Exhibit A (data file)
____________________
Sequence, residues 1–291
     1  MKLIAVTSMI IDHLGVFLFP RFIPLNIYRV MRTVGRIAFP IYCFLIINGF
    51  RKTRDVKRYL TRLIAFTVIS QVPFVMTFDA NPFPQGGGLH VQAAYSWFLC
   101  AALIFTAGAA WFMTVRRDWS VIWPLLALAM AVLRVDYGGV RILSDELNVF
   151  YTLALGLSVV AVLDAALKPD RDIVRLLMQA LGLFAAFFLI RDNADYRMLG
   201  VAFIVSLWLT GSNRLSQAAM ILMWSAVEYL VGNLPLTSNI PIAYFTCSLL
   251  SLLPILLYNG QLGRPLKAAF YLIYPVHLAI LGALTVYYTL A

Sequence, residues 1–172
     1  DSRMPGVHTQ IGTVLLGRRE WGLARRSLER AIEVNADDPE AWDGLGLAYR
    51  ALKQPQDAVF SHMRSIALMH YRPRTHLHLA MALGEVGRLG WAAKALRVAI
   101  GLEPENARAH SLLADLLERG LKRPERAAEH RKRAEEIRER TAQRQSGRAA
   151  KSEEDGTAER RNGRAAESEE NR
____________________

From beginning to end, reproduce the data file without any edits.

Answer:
Sequence, residues 1–291
     1  MKLIAVTSMI IDHLGVFLFP RFIPLNIYRV MRTVGRIAFP IYCFLIINGF
    51  RKTRDVKRYL TRLIAFTVIS QVPFVMTFDA NPFPQGGGLH VQAAYSWFLC
   101  AALIFTAGAA WFMTVRRDWS VIWPLLALAM AVLRVDYGGV RILSDELNVF
   151  YTLALGLSVV AVLDAALKPD RDIVRLLMQA LGLFAAFFLI RDNADYRMLG
   201  VAFIVSLWLT GSNRLSQAAM ILMWSAVEYL VGNLPLTSNI PIAYFTCSLL
   251  SLLPILLYNG QLGRPLKAAF YLIYPVHLAI LGALTVYYTL A

Sequence, residues 1–172
     1  DSRMPGVHTQ IGTVLLGRRE WGLARRSLER AIEVNADDPE AWDGLGLAYR
    51  ALKQPQDAVF SHMRSIALMH YRPRTHLHLA MALGEVGRLG WAAKALRVAI
   101  GLEPENARAH SLLADLLERG LKRPERAAEH RKRAEEIRER TAQRQSGRAA
   151  KSEEDGTAER RNGRAAESEE NR